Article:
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Boston parking garages are becoming a thing of the city’s past

Proposed Motor Mart Garage conversion latest example of officials and developers rethinking the standalone buildings

Government Center Garage, pre-demolition.
Boston Globe via Getty Images

The recent proposal to redevelop the Motor Mart Garage at 201 Stuart Street in downtown Boston—once the largest automobile garage on Earth—underscores just how far out of favor the conventional parking garage has fallen in Boston.

It’s not just that the city has been green-lighting proposal after proposal to redevelop the garages. It’s that there are so few new ones going up—and, when they are going up, they are invariably part of larger mixed-use complexes.

Take the garage planned at 100 Hood Park Drive in Charlestown. It is due to include 990 spots, but 75,000 square feet of retail, office, and laboratory space as well. It also happens to be the only new (sort of) standalone garage currently planned in the City of Boston. The rest are part of something much, much bigger.

There are others connected to state entities—the University of Massachusetts is constructing a 1,400-spot garage on University Drive West in Dorchester—but the idea of a new standalone parking garage approved by the city itself is just not on anymore.

Instead, any number of garages are currently being folded into new projects. Parking is still a big component—the car is still king in much of downtown Boston, despite the availability of mass transit and the city’s density—but parking is not the focus of these projects.

For instance, the partial demolition and conversion of the Government Center Garage at 50 Sudbury Street is reducing the number of spots there to around 1,100 from 2,300. That project is due to include 812 residential units, 196 hotel rooms, 1.15 million square feet of office space, and 85,000 square feet of retail.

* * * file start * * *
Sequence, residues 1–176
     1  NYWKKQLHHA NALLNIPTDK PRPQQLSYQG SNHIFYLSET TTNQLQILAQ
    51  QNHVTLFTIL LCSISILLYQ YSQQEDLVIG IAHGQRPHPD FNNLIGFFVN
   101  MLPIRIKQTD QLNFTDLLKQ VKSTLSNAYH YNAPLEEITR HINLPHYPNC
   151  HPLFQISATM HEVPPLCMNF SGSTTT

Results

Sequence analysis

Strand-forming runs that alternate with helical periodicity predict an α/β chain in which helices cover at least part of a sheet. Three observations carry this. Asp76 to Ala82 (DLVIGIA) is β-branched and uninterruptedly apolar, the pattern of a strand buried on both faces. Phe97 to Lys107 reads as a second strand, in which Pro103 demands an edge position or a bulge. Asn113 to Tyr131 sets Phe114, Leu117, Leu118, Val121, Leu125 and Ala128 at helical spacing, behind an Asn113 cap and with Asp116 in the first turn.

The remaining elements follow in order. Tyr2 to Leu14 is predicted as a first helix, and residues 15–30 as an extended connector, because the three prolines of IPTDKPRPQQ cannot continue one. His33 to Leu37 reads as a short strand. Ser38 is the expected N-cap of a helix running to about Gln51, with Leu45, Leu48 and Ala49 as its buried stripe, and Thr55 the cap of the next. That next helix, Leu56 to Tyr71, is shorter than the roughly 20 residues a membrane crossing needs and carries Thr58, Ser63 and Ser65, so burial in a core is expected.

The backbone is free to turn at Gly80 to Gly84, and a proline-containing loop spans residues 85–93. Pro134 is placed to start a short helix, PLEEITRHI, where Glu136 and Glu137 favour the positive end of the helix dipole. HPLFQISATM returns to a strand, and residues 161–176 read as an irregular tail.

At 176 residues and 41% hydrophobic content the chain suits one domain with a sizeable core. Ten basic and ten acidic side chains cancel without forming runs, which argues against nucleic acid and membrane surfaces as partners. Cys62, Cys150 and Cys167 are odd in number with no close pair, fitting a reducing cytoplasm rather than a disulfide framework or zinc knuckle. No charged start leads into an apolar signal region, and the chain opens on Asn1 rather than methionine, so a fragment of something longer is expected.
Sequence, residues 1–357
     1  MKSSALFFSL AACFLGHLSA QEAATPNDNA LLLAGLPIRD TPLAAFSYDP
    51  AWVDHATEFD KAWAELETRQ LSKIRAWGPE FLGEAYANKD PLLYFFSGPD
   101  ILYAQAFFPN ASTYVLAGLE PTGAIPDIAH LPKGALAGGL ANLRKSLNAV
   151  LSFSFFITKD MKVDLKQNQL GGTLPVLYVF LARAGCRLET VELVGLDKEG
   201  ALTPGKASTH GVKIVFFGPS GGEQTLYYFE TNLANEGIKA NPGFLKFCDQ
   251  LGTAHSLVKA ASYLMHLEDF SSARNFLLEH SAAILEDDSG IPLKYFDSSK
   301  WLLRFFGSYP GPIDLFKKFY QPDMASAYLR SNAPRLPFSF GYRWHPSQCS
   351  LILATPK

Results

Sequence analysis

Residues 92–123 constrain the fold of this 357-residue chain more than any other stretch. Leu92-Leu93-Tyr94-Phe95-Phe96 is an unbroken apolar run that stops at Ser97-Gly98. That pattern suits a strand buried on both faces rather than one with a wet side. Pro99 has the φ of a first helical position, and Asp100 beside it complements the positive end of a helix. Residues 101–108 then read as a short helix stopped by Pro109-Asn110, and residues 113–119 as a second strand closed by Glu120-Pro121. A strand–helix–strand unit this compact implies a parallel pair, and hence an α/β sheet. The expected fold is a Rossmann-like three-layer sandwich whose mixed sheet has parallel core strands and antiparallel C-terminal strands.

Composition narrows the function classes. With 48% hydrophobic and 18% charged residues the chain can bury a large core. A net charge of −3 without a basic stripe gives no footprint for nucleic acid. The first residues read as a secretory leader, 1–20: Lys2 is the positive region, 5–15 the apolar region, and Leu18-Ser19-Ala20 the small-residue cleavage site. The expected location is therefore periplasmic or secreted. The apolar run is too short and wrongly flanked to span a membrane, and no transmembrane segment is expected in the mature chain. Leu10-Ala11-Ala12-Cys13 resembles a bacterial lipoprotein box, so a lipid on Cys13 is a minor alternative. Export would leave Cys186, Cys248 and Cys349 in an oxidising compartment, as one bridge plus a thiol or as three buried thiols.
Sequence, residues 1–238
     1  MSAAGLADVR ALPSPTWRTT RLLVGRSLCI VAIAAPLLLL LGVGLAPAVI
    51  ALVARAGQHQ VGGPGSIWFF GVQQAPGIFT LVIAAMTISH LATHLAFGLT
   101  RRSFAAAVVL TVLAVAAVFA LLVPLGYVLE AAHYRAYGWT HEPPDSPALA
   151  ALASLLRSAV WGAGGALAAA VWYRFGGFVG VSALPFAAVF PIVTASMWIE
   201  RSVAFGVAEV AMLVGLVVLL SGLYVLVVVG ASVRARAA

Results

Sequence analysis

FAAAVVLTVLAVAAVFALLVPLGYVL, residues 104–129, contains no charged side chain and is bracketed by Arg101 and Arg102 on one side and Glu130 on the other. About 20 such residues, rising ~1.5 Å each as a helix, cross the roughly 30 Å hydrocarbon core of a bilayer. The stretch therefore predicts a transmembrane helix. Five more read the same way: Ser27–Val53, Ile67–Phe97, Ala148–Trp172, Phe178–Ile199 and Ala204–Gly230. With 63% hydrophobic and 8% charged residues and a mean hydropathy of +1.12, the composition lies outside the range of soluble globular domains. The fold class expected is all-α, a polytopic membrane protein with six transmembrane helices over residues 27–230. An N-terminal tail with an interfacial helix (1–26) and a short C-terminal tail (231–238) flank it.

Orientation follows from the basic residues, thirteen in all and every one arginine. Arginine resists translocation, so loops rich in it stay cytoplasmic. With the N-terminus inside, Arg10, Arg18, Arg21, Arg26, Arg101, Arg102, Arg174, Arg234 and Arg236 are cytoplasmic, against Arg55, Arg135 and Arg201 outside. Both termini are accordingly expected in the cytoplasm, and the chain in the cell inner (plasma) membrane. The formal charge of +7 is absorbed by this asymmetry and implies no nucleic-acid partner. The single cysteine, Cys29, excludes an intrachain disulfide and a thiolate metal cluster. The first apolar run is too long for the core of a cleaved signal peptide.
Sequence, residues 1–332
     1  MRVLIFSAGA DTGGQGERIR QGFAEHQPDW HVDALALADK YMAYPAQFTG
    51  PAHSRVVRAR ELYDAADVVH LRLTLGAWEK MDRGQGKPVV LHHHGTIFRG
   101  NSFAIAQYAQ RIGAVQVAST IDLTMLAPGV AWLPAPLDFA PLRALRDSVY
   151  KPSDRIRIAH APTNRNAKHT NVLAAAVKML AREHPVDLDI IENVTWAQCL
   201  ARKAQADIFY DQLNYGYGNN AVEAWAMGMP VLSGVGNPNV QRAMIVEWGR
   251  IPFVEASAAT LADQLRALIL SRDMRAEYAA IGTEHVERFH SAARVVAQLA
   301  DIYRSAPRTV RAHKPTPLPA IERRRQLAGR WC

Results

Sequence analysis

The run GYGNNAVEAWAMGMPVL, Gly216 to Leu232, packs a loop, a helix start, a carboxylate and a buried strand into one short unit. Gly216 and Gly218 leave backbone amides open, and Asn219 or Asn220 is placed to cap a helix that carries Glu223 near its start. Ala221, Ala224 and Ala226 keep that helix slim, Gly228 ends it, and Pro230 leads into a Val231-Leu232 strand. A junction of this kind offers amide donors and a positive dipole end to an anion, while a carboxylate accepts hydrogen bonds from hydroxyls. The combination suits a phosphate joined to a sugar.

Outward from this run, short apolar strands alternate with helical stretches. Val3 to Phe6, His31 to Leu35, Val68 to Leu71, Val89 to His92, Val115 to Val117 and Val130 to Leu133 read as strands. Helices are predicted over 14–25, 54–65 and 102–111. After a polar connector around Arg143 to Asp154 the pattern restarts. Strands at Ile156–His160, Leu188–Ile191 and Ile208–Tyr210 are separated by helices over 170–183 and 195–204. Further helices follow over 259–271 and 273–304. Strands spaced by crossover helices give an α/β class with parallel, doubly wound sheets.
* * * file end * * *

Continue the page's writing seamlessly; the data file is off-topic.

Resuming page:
There is also a proposal to turn the 698-space Dock Street Garage at 20 Clinton Street in downtown Boston into a project with 195 residential units. The number of spaces would drop to 538.

And then there are projects such as the one for the former site of the Winthrop Square Garage—former because the project, which will produce the city’s second-tallest residential building, meant doing away with the garage entirely. And it was the city that sold the doomed garage.

There are other garage conversions-slash-replacements proposed or underway, too, perhaps most prominently the on-again, off-again plans for something—anything—in place of the Boston Harbor Garage on the city’s waterfront.

Is it a sea change in Boston, this swerve from standalone garage construction? Maybe, given the city’s notorious reputation for traffic: Bostonians love their cars.

More than anything, though, it reflects a changing view of land use in Boston, including the reality that people want to not only work but live near and in core commercial areas. Hey, that way they don’t need a car. What’d you think?